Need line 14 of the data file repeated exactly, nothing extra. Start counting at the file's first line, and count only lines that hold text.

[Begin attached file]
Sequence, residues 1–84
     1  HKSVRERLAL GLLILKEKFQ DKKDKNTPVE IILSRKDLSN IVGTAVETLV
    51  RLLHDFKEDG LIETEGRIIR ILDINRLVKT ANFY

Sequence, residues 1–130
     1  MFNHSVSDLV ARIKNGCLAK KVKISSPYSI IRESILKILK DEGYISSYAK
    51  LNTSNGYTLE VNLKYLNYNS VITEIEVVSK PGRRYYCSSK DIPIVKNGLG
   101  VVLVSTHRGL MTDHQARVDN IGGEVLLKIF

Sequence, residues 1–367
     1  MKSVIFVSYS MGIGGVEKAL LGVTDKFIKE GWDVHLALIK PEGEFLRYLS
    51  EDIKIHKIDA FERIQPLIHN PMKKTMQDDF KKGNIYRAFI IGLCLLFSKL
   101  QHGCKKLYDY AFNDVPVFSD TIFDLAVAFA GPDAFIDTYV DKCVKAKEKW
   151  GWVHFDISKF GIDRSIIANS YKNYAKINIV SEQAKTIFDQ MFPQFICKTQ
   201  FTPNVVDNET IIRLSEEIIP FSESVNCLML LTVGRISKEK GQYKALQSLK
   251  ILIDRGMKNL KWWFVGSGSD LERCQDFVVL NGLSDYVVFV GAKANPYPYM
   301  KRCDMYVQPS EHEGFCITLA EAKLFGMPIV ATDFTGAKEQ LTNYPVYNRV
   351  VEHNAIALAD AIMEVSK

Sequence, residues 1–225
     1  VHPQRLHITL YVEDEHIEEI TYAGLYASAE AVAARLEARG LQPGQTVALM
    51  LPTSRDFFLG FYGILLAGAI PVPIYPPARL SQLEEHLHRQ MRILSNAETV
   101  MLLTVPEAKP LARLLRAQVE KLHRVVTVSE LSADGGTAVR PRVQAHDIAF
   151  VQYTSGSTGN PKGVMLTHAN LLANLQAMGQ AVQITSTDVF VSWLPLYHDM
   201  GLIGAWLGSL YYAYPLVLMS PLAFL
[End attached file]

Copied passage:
   251  ILIDRGMKNL KWWFVGSGSD LERCQDFVVL NGLSDYVVFV GAKANPYPYM